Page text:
Thompson's writing culminated in a few of his best-regarded works: The Killer Inside Me, Savage Night, A Hell of a Woman and Pop. 1280. In these works, Thompson turned the derided pulp genre into literature and art, featuring unreliable narrators, odd structure, and surrealism.

The writer R.V. Cassills has suggested that of all pulp fiction, Thompson's was the rawest and most harrowing; that neither Dashiell Hammett nor Raymond Chandler nor even Horace McCoy, author of the bleak They Shoot Horses, Don't They?, ever "wrote a book within miles of Thompson". [1] Similarly, in the introduction to Now and on Earth, Stephen King says he most admires Thompson's work because "The guy was over the top. The guy was absolutely over the top. Big Jim didn't know the meaning of the word stop. There are three brave lets inherent in the forgoing: he let himself see everything, he let himself write it down, then he let himself publish it."

Thompson admired Fyodor Dostoevsky and was nicknamed "Dimestore Dostoevsky" by writer Geoffrey O'Brien. Film director Stephen Frears, who directed an adaptation of Thompson's The Grifters as 1990's The Grifters, also identified elements of Greek tragedy in his themes.



This book was ahead of its time and of its time. Jim Thompson is an excellent writer with much insight.
dianeham | 84 other reviews | Feb 9, 2024 |
The Grifters is not just a trifecta of immorality of the three main characters, there’s the whole Oedipal thing between Roy and his mom and Roy’s stand-in for her, Moira (see the photo below of Lily and Moira from the movie.) This story is a great noir thriller with quite a few twists, though it doesn’t have a happily-ever-after like The Sting. I saw the movie a while back so the ending wasn’t much of a shocker. But definitely stick around for it. Though Roy seems tempted to give up the grift, I don’t believe he ever would.… (more)
mtbass | 25 other reviews | Jan 18, 2024 |
This was really good. A very quick read. From the way some people talked about it, I expected it to be a lot more graphic than what it was, but I suppose when it was originally released it was that era's AMERICAN PSYCHO, basically. Very good crime noir here, though. You know the writer has skill when you're rooting for the crazy murderer. The ending was a bit rushed, though. Kind of left me disappointed there once it was all over. But maybe I'm just greedy. I did enjoy the way the author tied each plot string together.… (more)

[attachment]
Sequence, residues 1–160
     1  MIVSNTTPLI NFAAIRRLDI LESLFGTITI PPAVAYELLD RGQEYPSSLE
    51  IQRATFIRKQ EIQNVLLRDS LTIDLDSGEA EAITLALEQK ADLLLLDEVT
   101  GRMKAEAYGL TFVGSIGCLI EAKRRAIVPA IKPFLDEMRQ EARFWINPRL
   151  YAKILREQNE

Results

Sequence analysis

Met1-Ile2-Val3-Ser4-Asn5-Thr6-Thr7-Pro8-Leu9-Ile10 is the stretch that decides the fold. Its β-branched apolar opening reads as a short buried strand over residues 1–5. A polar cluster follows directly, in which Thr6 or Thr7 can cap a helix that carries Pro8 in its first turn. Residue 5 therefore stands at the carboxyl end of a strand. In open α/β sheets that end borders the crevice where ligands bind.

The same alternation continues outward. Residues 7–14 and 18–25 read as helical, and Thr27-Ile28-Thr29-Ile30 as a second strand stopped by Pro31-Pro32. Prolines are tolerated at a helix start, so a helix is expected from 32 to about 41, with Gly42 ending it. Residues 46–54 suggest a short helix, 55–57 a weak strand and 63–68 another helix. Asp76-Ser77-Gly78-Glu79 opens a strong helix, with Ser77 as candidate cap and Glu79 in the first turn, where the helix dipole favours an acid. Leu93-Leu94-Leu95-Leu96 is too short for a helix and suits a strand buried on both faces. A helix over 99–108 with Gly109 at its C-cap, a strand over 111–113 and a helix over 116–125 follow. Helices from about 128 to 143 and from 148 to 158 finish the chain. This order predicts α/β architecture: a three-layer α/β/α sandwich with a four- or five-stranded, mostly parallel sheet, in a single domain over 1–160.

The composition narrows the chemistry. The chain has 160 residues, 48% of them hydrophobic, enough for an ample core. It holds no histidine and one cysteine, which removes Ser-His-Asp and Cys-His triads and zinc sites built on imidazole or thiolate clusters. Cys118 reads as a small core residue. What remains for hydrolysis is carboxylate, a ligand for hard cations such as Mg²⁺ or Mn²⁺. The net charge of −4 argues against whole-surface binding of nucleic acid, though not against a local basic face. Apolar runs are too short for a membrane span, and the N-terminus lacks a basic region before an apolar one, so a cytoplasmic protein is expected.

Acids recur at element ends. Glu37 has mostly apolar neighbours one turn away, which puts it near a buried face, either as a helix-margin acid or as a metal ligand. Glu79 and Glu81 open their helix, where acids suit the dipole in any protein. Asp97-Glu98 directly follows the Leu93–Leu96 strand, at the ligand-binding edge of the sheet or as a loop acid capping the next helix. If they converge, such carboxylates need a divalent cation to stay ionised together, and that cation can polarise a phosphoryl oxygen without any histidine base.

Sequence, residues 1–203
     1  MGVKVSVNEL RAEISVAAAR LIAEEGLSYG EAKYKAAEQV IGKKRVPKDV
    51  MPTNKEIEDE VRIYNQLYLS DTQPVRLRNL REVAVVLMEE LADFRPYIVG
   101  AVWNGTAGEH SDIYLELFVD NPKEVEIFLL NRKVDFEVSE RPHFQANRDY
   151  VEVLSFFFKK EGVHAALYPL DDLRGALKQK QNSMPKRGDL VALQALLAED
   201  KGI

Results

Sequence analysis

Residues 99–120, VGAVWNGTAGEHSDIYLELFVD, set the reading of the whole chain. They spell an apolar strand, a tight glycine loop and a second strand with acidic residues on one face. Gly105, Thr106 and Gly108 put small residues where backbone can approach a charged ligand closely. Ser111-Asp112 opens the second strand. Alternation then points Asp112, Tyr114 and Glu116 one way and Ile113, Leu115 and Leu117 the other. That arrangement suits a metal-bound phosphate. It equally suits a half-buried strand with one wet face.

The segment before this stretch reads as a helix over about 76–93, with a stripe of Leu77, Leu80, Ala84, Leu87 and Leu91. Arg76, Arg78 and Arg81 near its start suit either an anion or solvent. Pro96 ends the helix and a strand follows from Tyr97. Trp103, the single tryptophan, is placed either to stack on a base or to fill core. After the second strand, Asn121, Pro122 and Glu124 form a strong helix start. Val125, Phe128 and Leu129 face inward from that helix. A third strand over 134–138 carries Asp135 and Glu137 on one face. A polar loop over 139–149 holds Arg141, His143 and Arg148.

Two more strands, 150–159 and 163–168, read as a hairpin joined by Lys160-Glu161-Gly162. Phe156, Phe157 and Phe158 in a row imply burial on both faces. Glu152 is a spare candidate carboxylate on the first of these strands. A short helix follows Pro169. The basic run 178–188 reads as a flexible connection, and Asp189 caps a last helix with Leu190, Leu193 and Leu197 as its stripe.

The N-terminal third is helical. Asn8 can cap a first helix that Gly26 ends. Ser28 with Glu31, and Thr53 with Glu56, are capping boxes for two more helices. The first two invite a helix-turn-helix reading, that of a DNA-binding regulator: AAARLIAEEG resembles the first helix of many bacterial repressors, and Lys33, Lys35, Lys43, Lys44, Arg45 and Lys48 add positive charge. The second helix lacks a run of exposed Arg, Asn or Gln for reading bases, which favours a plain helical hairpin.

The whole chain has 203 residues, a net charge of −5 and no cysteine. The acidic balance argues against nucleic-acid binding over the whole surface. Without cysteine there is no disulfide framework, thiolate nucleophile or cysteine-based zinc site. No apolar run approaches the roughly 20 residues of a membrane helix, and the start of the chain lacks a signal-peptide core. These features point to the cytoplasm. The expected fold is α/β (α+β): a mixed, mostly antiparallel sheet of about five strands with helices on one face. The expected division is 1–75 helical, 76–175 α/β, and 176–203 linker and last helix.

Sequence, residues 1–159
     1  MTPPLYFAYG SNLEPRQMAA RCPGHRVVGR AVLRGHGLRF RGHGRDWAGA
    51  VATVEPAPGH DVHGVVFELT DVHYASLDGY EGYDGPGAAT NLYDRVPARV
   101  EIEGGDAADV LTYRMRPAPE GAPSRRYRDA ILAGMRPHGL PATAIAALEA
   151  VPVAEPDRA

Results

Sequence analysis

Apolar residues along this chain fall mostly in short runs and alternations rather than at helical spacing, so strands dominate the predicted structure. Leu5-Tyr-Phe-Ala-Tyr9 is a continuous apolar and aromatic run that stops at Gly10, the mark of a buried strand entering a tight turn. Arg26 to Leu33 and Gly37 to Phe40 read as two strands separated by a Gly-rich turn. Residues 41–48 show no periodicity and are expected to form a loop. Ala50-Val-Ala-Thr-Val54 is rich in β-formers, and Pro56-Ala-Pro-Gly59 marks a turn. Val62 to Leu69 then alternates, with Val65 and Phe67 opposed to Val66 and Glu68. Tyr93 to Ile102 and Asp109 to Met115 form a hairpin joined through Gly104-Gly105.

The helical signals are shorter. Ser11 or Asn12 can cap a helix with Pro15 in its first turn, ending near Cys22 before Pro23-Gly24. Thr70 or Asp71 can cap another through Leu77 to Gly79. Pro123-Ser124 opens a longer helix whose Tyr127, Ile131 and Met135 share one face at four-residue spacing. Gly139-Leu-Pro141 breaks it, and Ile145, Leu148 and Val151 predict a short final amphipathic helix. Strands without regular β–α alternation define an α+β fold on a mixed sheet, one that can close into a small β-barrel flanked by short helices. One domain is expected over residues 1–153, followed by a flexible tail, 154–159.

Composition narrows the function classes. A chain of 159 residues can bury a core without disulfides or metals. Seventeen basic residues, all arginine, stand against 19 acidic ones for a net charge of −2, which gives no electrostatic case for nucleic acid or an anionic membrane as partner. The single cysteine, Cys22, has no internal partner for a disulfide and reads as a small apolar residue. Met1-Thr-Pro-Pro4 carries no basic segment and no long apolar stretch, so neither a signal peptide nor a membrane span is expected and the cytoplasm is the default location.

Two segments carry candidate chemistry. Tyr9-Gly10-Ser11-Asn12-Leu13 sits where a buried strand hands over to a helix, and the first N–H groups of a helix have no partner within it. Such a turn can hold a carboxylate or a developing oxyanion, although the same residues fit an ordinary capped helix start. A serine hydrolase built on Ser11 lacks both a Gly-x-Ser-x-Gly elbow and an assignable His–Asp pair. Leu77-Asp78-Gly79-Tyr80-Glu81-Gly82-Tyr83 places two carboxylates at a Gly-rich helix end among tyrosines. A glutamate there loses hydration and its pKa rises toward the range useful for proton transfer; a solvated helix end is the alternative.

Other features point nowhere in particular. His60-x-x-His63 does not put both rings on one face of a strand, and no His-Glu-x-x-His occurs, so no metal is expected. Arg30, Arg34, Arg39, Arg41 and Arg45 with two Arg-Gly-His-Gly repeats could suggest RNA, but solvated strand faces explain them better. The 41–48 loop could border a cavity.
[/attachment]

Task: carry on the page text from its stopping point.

b00kdarling87 | 84 other reviews | Jan 7, 2024 |
This is pure delicious Thompson. He pulls you in with a protagonist to pity--Dillon who spares no chances to tell you how mean the world has been to him. Then he meets a sweet gal equally under life's thumb. Maybe he can save her...and himself at the same time. Quickly though you begin to figure his intentions ain't so pure and his luck not so much the result of a cruel world as it is the residue of his character. But you still humor the idea of redemption--the girl at least is worth saving. Thompson keeps pulling the thread--unravelling hope for this guy. And then the fall as if pushed out the back of a moving truck. The story slides across hard asphalt, Dillon is dumber, blinder and crueler than we feared, sliding off the road to a hard stop in the bushes. As he so often does, Thompson supplies a great ending. In this case two-- and you are then left wondering who the title actually refers to.… (more)
KurtWombat | 12 other reviews | Dec 26, 2023 |



You May Also Like

Associated Authors

Calder Willingham Screenwriter
John Shirley Foreword
Eva Kroll Film editor
Lionel White Original novel
Kirwan Cover artist, Cover Art
Anna Martini Translator
Barry Gifford Introduction
Nancy MacGregor Cover artist
Ute Tanner Übersetzer
Attilio Veraldi Translator
Andre Simonoviescz Übersetzer, Translator
Luca Briasco Contributor, Translator
Goffredo Fofi Afterword
Ulrike Wasel Übersetzer
Tim Flavin Narrator
Wolfram Knorr Afterword
Eduardo Feito Illustrator
Mika Tiirinen Translator
Marcel Duhamel Translator
Guido Almansi Afterword
Joe R. Lansdale Introduction
Klaus Timmermann Übersetzer
Günter Panske Translator
Lia Volpatti Introduction
ferenc pinter Cover artist
Carlo Oliva Translator
Stephen King Introduction
Roderick Thorp Introduction


Also by

Charts & Graphs